This is a continuation of the article "Dealing with childlessness and infertility issues (1)". If you missed the first part, please click here to read the part one of Maya's story.
#4. Ignore internal and external worries are real
My best friend that I was going through the fertility treatment together with just passed on not too long ago at the young age of 39, and here I am, 38 years old and very worried for my life. I got married before my 21st birthday, and my friend married in her late twenties. She fought the battle, tried her possible best and now she is no more due to complications from a minor surgery. This shook me to my bone marrow. A popular saying among Nigerians, “this life no balance,” meaning life is not fair, kept running through my mind.
Internal and external worries can throw you off balance in this journey. And just like I have said, you need to maintain your inner peace. Don’t get your heart racing and skipping its rhythmic beats for nothing, really. Another very good friend of mine with four kids, two boys and two girls, said to me: “see, Maya, you can have a fulfilled life without children. I have four kids, but I don’t know what will become of them when I am no more. Also, there is no guarantee that I will outlive them. Then what happens?”
My husband’s colleague, who lost his first baby (conceived natural) as a stillbirth, and waited seven years before they could conceive again through (IVF this time), encouraged us to fight off internal worries within us, our family circle (siblings and in-laws), and externals such as neighbours and the rest of the society.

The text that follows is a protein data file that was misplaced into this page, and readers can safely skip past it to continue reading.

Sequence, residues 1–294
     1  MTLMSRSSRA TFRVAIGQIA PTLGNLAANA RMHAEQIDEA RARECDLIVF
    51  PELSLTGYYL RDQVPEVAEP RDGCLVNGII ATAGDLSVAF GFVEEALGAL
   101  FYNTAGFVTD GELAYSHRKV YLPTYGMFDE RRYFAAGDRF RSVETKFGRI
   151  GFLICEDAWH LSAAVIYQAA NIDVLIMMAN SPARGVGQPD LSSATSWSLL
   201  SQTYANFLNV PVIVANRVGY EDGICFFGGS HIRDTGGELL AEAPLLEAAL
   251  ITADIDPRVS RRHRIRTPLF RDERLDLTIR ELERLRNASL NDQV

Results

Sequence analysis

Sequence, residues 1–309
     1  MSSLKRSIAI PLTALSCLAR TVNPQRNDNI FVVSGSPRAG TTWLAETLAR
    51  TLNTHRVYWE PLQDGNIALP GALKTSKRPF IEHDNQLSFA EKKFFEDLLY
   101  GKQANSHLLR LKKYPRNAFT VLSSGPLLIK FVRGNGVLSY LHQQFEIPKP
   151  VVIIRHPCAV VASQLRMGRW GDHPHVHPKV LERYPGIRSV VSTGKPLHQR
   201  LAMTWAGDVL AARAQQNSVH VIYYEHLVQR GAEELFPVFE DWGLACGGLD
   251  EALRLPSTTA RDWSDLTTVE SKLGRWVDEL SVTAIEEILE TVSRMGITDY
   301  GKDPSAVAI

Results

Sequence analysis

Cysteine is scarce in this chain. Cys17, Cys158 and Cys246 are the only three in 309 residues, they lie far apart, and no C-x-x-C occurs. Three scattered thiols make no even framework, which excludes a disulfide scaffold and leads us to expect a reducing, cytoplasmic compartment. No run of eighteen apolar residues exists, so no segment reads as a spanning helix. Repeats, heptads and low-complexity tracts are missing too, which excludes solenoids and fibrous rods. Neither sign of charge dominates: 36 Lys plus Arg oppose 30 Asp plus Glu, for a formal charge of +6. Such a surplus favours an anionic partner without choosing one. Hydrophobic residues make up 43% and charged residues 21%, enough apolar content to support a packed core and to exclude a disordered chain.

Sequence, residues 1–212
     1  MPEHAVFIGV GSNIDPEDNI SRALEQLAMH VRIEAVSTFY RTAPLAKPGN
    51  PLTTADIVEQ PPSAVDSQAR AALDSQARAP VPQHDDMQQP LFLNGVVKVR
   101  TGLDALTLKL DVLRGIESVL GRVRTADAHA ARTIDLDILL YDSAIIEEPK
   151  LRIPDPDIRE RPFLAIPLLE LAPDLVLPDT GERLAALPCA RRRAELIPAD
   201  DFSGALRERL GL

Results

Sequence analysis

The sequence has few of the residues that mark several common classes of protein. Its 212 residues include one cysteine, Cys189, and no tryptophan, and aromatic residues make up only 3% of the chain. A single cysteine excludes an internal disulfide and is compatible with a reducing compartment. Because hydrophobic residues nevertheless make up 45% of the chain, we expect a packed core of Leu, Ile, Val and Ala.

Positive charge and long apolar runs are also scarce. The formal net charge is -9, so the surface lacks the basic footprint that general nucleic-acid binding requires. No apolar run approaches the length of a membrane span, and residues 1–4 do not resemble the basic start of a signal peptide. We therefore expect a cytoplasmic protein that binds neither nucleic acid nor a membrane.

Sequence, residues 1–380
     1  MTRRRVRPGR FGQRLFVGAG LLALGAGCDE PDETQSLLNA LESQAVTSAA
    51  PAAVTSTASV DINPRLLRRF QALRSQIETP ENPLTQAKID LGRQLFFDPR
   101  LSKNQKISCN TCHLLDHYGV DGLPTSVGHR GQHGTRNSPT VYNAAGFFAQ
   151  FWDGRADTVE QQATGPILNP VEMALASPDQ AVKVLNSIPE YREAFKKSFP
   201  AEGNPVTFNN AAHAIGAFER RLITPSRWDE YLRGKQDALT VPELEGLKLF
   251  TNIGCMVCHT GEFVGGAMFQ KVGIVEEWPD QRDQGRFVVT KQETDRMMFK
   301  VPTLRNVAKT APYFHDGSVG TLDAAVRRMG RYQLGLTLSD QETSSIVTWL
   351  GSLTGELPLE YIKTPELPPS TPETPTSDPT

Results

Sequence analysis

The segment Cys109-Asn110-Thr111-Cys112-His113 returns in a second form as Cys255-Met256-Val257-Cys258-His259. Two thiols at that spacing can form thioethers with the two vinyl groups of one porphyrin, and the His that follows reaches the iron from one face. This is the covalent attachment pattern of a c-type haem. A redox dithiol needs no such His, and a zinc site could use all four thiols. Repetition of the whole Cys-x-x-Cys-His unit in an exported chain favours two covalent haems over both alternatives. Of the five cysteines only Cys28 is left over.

Again, these worries are real and can be very difficult to shift aside. This is so, especially when you keep seeing and experiencing different things each day. A lady few streets away from mine who waited nine years before conceiving through IVF and birthed her baby through a caesarean session (CS) also passed on due to complications from the surgery. I would blame this one more on her doctor, who made a mistake during the surgery.
When you read and know real-life events such as these ones I have stated here, you cannot but worry. But then you ask yourself if worry can solve anything or prevent events from occurring, and the answer is “NO”, so please, get a cup of your favourite beverage and enjoy your life, moment by moment. I have gone through enough, worried enough, and now I have decided to have as much fun as possible and enjoy myself. So my mantra now is, “it will happen when it will happen and if it doesn’t, so be it!” live a little and stop worrying much.
Another family friend of ours became so worrisome and careful in order to know where her problem is coming from. She has even stopped attending some events to avoid meeting some people or coming in contact with things that will upset her both physically and spiritually.
Worry is a killer, and so I have learnt. So desist from it and just live your life.
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#5. Stay committed to finding a solution
One of the issues my husband and I had earlier was that we weren’t committed to finding a solution to our problem early enough. During the first seven or eight years of our marriage, we kept moving from one prayer house to the other, coupled with enough fasting, prayers and seed-sowing (sacrificial giving). Don’t get me wrong, please. Those things are great, but I have learnt that some things are within the realms of humans. At least knowing our problem would have helped us channel our prayers better. We would have started early to find a solution rather than wait eight years down the road.
Staying committed to finding a solution involves seeing a fertility doctor as soon as a few months into trying to conceive, and it is not happening naturally. Early diagnosis leads to a greater chance of ending the infertility journey early.